Both shin splints and stress fractures are regarded as overuse injuries as a result of overtraining or over exercising. Even though both may have the same symptoms, stress fractures are more severe than shin splints. Thus, it is better that you learn the difference between the two.
Shin splints vs. Stress Fractures
Shin splints are tears that occur in the lower leg or shin bone. It gives rise to an intense, shooting pain that appears while running, but tends to disappear when you rest or change into low impact exercises. You will not feel any pain while you walk, stretch your legs, or climb stairs. It is only felt during high impact exercises or when you overtrain yourself.
On the other hand, stress fractures are a result of an actual break in the bones of your lower leg. If you get a stress fracture, it causes a very severe pain in the lower third of your shin bone, which is associated with redness and swelling on the injured area. The pain exacerbates if you press on your shin bone and does not reduce even if you stop the activity or exercise. It does not go away even after resting. It is a continuous severe aching pain. Light activities like walking and climbing the stairs can also cause the pain.
However, if you have got a shin splint and did not deal with it correctly, it can get worse with time and will eventually result in a stress fracture. Therefore, without the proper prevention and management of shin splints, the continuous stress on the bones will give rise to a stress fracture.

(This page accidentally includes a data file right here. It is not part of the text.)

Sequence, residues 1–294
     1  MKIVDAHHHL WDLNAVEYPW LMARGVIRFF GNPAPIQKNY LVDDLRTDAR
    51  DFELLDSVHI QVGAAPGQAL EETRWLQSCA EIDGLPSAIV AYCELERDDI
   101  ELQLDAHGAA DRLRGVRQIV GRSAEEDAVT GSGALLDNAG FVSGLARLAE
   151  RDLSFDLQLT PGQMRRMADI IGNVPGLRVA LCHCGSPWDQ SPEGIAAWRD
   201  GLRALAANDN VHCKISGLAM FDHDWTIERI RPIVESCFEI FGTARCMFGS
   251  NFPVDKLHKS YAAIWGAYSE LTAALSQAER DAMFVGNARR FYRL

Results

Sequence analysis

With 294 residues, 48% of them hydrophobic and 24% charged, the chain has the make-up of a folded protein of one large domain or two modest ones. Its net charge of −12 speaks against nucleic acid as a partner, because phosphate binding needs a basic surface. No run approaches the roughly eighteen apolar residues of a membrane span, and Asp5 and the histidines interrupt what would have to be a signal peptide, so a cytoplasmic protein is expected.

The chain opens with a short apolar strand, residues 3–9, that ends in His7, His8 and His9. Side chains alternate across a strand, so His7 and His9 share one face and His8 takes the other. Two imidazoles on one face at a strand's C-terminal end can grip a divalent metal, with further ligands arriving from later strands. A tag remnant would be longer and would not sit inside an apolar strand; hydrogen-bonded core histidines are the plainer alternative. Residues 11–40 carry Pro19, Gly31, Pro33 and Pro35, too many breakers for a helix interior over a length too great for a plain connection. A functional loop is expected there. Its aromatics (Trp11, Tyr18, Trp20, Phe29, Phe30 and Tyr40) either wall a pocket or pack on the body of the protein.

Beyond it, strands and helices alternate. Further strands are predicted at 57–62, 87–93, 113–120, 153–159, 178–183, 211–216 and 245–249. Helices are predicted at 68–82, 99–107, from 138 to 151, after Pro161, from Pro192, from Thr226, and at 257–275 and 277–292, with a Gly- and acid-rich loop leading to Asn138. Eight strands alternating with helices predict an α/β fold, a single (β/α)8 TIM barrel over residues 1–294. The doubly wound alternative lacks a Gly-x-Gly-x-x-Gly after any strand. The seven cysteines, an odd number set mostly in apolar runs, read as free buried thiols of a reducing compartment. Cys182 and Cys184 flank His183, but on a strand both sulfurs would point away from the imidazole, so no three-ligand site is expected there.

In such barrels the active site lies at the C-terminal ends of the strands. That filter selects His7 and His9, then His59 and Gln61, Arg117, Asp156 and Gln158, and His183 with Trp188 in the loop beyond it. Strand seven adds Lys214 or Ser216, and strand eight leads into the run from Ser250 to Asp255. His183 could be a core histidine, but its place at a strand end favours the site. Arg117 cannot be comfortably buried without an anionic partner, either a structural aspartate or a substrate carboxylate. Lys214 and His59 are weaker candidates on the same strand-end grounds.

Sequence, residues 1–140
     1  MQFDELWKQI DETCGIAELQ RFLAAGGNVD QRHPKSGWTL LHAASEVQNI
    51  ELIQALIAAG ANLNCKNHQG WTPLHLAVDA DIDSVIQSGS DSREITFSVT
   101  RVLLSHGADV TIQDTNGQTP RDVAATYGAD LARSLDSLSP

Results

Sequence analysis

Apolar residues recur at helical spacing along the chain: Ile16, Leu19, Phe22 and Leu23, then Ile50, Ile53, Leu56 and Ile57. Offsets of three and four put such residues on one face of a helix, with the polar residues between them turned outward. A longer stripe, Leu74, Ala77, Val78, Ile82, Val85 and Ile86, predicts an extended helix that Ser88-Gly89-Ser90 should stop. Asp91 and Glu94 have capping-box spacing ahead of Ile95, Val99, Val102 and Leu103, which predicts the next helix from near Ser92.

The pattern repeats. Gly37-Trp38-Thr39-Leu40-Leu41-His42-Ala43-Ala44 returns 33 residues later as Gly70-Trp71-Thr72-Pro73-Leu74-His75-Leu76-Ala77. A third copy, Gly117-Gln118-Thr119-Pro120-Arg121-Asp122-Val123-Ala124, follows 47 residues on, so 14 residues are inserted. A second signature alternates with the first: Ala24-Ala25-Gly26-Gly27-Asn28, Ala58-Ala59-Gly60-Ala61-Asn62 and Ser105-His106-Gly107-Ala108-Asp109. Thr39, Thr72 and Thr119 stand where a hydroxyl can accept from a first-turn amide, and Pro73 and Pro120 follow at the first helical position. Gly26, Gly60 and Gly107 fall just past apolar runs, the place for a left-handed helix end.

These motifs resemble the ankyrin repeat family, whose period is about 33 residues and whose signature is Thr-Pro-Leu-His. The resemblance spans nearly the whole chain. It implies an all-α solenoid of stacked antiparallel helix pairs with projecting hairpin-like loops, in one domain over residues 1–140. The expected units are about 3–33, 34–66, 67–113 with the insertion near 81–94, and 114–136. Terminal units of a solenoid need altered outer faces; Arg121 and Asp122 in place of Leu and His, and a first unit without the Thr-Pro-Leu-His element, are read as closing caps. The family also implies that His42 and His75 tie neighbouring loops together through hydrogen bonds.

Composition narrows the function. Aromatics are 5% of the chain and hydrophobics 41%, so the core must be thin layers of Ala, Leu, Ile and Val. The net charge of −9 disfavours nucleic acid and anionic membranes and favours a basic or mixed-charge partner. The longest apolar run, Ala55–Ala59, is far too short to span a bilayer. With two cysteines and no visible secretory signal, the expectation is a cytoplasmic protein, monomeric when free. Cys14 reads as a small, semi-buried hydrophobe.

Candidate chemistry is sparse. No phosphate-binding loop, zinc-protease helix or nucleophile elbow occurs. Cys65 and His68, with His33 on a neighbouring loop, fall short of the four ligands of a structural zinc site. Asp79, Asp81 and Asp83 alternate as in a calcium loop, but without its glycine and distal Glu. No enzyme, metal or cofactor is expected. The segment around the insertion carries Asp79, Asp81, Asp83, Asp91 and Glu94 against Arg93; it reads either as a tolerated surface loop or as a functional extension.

If your injury is a shin splint, then you should make gradual changes in your exercise progression. Never do so much too quickly. Always stick to the 10% rule where you increase no more than 10% of the exercises per week. A slow gradual increase in the progression of your activities or exercises is the best way.
Prevention and Treatment
Shin splints are easy to prevent and treat, so deal with it correctly. Do not let it drag on because it will lead to a stress fracture. Therefore, it is wise that you take some preventive measures to avoid shin splints in the first place and to easily cure the shin splints without complicating them.
Stress fractures are a lot more serious than shin splints. Your doctor will order an X-ray of your lower legs to see if there is a fracture in your legs. If the doctor does not see a fracture on your X-ray, it doesn’t mean that you do not have a fracture. Your doctor will ask you to visit again after several weeks to do a repeat X-ray of you lower legs. If it shows bone healing, then it is clear that you have suffered a stress fracture.
If you are having a stress fracture, you should rest for at least 6 to 8 weeks, but you can continue to do some low-impact exercises like walking and swimming. Once the pain goes off completely, you can get on your track again, but make sure that you start off slowly and increase your distance and intensity gradually. More than anything, active rest is the most important thing because if you do not rest adequately, your body will not get enough time to heal the fracture.